Kaisei defeated Tochinoshin: Kaisei brought the sky-crane to Tochinoshin. Both big men had firm two-handed belt grips and Kaisei was determined to beat Tochinoshin at his own game. I was more surprised to see Tochinoshin oblige and try the crane himself…and fail. Kaisei was the stronger man today and walked Tochinoshin over the edge. Yorikiri.

Myogiryu defeated Shimanoumi: Some straightforward sumo from Myogiryu today. Great tachiai. Get your man going backwards. Dominate. Win. Shimanoumi tried one turn to try to change things up but Myogiryu was in great form and stands 2-0. Oshidashi.

Ikioi defeated Ishiura. Let me rephrase. Ikioi owned Ishiura. The taller Ikioi drove his forearm into Ishiura, driving him backwards like the Refrigerator Perry using a pee-wee football blocking sled. It wasn’t until the edge that Ishiura tried to counter…by falling forward. Your gearshift is stuck in reverse. Time for a visit to the mechanic. Ikioi picks up his first win. Hikiotoshi

Tamawashi defeated Chiyotairyu: Tamawashi retreated and dancing a little jig on the tawara, sent Chiyotairyu belly-first into the clay. Our first makuuchi mono-ii of the tournament confirms the victory for Tamawashi. A quick one. Kotenage.

The momentum carried Tamawashi off into the crowd…except there is no ringside crowd. So rather than landing on soft pensioners, he landed hard on the platform below, checking his elbow. Slow to get up but seemingly okay during the mono-ii. Hopefully he’s fine. Off to a good start this tournament at 2-0. It would be a shame for another injury so soon after Kakuryu’s kyujo. Chiyotairyu picks up his first loss.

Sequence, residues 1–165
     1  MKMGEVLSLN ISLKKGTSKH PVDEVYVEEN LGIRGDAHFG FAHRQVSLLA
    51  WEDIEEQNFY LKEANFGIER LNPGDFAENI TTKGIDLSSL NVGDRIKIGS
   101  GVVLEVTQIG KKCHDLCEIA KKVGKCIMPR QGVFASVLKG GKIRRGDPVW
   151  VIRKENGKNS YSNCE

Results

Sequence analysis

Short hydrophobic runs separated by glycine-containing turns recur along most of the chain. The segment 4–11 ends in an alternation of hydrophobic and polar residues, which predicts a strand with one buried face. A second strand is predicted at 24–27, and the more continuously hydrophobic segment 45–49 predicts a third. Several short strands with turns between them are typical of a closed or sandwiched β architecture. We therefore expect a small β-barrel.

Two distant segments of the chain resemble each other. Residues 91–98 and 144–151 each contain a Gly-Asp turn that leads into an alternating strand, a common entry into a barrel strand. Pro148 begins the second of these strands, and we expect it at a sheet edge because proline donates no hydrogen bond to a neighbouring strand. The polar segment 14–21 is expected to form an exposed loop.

Enho defeated Tokushoryu: Enho effectively demonstrated for Ishiura how a smaller rikishi can defeat a bigger man with straightforward sumo. He quickly secured a lefthanded belt grip and drove forward at the right time to use Tokushoryu’s momentum against him. Tokyshoryu was just trying to keep from falling over backwards. Tokushoryu falls to 0-2 while Enho picks up his first win. Yorikiri.

Terutsuyoshi defeated Ryuden: Terutsuyoshi picks up the upset AND Ryuden. Strong, straight-forward win from the smaller rikishi. Yorikiri.

Kagayaki defeated Hokutofuji and the gyoji: Kagayaki drove forward into Hokutofuji. Hokutofuji slid backwards and tried to regain his footing. But Kagayaki continued his attack and drove his arm into the back of the off-balance Hokutofuji. Hatakikomi.

Aoiyama defeated Abi: To call Abi a pusher-thruster is a bit generous. He’s a hopper. Aoiyama, on the otherhand, is a textbook pusher-thruster. Today, he chased the hopper around the tawara until he caught him and thrust him out. Tsukidashi.

Okinoumi defeated Kiribayama: Strong sumo from Okinoumi today. Okinomi’s forearm drove Kiribayama back at the tachiai. Kiribayama decided to hang on for the ride as Okinoumi walked him around the dohyo and over the bales to the right. Yorikiri.